Reverse Osmosis Water System

What is a Reverse Osmosis Water System?

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Many people have heard the name reverse osmosis water system and they may know that it is a series of filters, but most people do not understand exactly how it works and what is required in keeping it working effectively.

It is a series of filters that water travels through under normal household pressure, impurities are filtered out as it travels through each filter and waste is sent down the sewer pipe. It takes about 4 to 6 gallons to make 1 gallon of drinking water, so there is a lot of waste generated with a reverse osmosis drinking water system.


A reverse osmosis water system is usually installed under the kitchen sink and requires a plumber or someone knowledgeable in plumbing to install. It must be easily accessible as the pre and post filters must be replaced on a regular basis.

There is also a 2 or 3 gallon pressure tank that stores the filtered water, this must also be cleaned on a regular basis, you could lose up to half the space in the cabinet under the sin.

Contaminants and Maintenance

A reverse osmosis water system will effectively remove most contaminants including heavy metals and improve the taste of the water. However it cannot remove completely some gases, nitrates, arsenic, bacteria and viruses, in fact bacteria can grow in area’s of the reverse osmosis system.

The pre and post filters will need to be replaced every one to three months along with their canisters cleaned and water seals checked. The pressure tank will need to be cleaned at the same time or every other filter change, depending on the quality of your tap water and how much drinking water you use.

This will be another household chore that must be done on schedule otherwise your drinking water quality will suffer and you will be drinking more polluted water than before you installed a reverse osmosis system.

See chart at bottom of page for a comparison of pollutants removed.

The Heart of the System

The heart of a reverse osmosis water system is the semi permeable membrane; the effectiveness of this membrane diminishes with each gallon of water filtered.

Depending on the quality of your water and how much you use you could be replacing the membrane every one to two years. It is a costly item to replace and should be discussed at the time you are considering purchasing a reverse osmosis drinking water system along with the costs of the pre and post filters.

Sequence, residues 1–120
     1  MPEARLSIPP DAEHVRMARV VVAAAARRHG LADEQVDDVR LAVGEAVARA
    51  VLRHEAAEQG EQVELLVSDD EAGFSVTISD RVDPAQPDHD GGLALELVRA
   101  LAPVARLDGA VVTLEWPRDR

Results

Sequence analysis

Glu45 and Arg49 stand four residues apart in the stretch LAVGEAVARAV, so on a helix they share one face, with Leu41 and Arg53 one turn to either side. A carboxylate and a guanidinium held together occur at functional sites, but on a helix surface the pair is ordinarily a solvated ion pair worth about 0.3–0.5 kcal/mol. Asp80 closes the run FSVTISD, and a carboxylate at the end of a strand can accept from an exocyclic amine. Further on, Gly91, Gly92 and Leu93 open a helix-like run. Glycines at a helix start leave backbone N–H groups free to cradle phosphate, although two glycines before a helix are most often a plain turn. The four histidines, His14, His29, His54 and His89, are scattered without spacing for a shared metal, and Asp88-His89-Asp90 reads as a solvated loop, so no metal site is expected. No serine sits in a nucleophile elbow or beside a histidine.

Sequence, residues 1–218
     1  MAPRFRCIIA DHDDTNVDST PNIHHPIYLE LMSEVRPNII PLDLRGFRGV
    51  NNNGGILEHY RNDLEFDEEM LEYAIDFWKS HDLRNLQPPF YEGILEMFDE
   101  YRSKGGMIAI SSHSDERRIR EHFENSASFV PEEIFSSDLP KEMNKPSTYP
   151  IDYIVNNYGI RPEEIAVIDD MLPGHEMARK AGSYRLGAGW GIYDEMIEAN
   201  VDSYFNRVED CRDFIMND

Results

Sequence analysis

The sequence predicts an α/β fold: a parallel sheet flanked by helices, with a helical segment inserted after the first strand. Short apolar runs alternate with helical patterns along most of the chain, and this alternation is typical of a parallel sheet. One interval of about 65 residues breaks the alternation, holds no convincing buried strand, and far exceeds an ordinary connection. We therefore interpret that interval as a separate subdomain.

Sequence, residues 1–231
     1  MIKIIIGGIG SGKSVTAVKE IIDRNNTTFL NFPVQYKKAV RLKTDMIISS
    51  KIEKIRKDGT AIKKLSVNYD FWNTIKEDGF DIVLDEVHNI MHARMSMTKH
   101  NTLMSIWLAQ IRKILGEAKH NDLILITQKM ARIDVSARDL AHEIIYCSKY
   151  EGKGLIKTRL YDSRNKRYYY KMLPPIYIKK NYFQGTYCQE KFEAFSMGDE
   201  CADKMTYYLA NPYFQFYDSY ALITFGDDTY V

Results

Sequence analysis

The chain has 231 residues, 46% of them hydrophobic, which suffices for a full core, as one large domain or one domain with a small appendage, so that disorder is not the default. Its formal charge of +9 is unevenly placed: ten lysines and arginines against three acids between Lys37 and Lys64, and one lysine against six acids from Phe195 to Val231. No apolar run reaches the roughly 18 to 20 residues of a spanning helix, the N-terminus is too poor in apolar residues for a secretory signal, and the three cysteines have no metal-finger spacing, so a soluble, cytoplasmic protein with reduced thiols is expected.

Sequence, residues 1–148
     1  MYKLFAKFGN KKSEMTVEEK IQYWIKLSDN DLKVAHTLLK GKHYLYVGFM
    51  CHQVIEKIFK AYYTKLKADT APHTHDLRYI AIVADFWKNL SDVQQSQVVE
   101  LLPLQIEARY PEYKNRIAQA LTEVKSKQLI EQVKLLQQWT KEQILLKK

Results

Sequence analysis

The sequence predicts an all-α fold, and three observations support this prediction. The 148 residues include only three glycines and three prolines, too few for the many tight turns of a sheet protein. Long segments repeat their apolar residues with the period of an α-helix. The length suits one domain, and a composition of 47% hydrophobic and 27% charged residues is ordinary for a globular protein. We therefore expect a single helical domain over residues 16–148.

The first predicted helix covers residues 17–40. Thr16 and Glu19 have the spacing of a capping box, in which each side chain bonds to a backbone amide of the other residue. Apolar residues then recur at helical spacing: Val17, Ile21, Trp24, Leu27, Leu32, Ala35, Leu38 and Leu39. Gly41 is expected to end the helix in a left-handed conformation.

Lets not forget the time and effort to maintain a reverse osmosis system it cannot be put off until next month it must be done on schedule. If you are a person who is good at doing chores on schedule then nothing to worry about if not you should consider very carefully a reverse osmosis system.

Consider a Steam-Distilled Water Machine

If a reverse osmosis system does not sound like it is for you then consider a steam-distilled water machine.

A basic machine costs less money with no installation and just plugs into an electrical outlet. Larger machines can be installed in a laundry room or closet close to kitchen and pumped to a spigot at the kitchen sink. This may or may not require a plumber.

Steam-Distilled water will remove 99% of all contaminants with no costly filter replacements, see chart below. Their is just one charcoal filter that fits into the neck of the water collection bottle and only needs to be replaced every two months. These charcoal filters are inexpensive a years supply costs less than $50.00.

As you can see a steam-distilled water machine is an excellent alternative to a reverse osmosis system.

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On this page you will find out what is distilled water, how to make and why it is the purest water you can put into your body.

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